Although I am not a son of the South, I spent 44 years in the border state of Missouri and in the deeper South state of Arkansas. Those years shaped my taste for Southern comfort foods, such as grits, country ham and especially, biscuits and sausage gravy.
Photo courtesy of Geni Certain
The first time biscuits and gravy and I met was in a cheap cafe in Waynesville, Missouri, near Fort Leonard Wood. My buddy, a true son of the rural South, and I were between activities on an extended caving weekend. We stopped in the early morning hours (in my opinion, 4 to 7 a.m. is the time to experience small town cafes and truck stops at their best. Guys in gimme caps are being served endless cups of coffee from bottomless pots while fine greasy aromas of hash brown potatoes and bacon waft from the kitchen pass-through.
At that time, I'd no idea what biscuits and gravy (hereafter, "B&G") was. To me, a son of the South side of Brooklyn, "gravy" was a brown sauce that went on pot roast or roast beef.
At the urging of my caving buddy, I ordered the B&G. When it arrived, I was somewhat startled by the gravy. It was a thick, not very attractive white sauce, studded with bits of country sausage. The biscuits, (a "drop" version of which my Mom used to make from Bisquick, here were of lower profile, and when split open, revealed a more open textured crumb. The taste was tangy with buttermilk. It was all a bit odd, but palatable, and certainly a lot easier to eat than my first bowl of menudo, years later, in a trackside cafe in Lordsburg, NM. (Note the sneaky reference to Mexican food, thus validating my blog's title.)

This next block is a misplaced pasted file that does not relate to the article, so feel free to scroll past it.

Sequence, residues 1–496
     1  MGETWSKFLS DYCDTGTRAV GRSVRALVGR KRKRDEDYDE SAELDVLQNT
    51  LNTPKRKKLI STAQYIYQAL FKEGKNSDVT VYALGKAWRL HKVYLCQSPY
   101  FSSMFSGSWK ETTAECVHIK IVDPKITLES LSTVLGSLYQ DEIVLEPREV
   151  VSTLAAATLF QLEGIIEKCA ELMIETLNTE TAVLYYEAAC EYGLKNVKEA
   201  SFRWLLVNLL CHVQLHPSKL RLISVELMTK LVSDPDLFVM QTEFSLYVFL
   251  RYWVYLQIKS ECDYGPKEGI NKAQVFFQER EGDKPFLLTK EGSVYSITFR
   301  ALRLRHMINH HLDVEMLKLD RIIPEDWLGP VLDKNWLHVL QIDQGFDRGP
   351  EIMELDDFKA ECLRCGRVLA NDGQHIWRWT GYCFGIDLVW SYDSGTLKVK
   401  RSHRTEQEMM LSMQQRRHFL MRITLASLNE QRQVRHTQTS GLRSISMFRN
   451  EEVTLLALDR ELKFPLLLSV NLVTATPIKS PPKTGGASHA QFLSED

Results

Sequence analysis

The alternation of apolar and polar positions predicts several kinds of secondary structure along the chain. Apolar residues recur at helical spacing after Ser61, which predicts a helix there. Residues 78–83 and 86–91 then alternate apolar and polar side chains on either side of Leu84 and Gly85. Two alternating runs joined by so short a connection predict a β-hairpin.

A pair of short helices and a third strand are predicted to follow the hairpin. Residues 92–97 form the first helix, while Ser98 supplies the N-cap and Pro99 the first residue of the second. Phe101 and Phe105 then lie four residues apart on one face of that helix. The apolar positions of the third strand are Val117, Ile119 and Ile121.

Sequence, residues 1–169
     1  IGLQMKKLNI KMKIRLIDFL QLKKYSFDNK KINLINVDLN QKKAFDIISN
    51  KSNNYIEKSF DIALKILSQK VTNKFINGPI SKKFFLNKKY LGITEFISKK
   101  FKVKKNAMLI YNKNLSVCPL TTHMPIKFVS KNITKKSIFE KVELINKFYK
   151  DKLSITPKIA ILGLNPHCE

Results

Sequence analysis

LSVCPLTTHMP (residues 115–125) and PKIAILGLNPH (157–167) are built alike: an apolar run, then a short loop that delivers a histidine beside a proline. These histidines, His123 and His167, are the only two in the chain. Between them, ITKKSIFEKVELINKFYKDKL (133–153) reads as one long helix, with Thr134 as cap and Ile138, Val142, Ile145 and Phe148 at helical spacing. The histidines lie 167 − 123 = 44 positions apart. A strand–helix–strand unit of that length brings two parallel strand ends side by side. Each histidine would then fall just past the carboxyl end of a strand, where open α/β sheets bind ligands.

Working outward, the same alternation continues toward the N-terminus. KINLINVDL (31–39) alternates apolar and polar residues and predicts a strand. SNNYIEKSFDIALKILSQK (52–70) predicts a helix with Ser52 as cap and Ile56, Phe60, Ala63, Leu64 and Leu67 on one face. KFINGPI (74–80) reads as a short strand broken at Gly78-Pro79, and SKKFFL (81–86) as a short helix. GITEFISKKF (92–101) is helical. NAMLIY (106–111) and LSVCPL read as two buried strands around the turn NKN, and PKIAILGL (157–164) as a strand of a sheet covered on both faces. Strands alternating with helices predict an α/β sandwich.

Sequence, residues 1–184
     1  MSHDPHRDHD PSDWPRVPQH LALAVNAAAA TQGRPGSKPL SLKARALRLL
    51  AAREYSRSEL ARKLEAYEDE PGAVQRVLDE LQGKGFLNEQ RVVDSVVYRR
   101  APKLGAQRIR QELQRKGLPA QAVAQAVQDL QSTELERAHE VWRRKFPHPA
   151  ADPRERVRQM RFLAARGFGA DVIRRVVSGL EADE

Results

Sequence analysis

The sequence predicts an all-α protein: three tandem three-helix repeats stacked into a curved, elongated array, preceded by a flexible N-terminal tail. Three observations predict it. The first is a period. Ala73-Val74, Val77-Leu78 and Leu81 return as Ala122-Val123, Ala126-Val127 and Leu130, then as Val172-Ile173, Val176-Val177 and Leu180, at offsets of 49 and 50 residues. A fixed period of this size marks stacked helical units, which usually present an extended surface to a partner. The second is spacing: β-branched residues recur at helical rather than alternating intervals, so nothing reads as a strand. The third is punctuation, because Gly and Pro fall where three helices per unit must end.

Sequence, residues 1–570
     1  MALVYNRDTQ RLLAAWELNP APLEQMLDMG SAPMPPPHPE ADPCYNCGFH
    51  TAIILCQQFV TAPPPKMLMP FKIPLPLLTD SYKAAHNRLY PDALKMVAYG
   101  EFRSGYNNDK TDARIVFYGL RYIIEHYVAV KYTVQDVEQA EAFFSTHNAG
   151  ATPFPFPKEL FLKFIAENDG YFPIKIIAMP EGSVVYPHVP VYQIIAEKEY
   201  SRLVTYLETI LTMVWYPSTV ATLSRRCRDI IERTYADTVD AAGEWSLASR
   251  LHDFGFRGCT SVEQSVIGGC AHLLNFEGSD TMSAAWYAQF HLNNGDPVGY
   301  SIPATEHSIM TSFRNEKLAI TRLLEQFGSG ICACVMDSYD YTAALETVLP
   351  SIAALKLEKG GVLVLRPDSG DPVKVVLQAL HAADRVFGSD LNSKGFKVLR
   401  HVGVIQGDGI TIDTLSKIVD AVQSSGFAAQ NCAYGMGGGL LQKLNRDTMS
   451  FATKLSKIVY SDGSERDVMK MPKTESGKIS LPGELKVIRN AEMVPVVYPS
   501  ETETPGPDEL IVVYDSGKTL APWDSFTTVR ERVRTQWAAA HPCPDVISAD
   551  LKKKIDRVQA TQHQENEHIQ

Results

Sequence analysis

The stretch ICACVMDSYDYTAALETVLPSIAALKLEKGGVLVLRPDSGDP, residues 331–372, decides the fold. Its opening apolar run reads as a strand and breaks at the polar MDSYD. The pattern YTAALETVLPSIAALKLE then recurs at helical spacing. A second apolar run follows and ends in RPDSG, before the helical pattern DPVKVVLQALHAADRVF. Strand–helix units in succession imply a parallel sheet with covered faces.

Over the years, and many caving trips later, my taste for B&G grew fitfully. Some restaurants make the worst imaginable grease-based wallpaper paste gravy and leaden biscuits. That usually occurred around midnight, when B&G are unofficially out of season.
Eventually, I learned how to make this true Southern delicacy at home. B&G has become a favorite dish for when we have guests to breakfast. Although it's a simple dish, my interpretation depends greatly on high quality ingredients. There are three principal components:
• Homemade Country Sausage
• Angel Biscuits (AKA Double Leavened Biscuits)
• A proper gravy, based on a flour and meat drippings roux, properly cooked.
First, I'll issue the usual Disclaimer:
This Is Not Health Food. It contains mostly carbohydrates and fat, with a reasonably healthful diluent of milk. It will meet all your cholesterol needs for the near future. You really don't need bacon, ham or additional sausage with this meal. But some have had those additions, and lived, at least for a few more years.
I'll be giving detailed recipes in the next installment, God willing.
Watch for updates.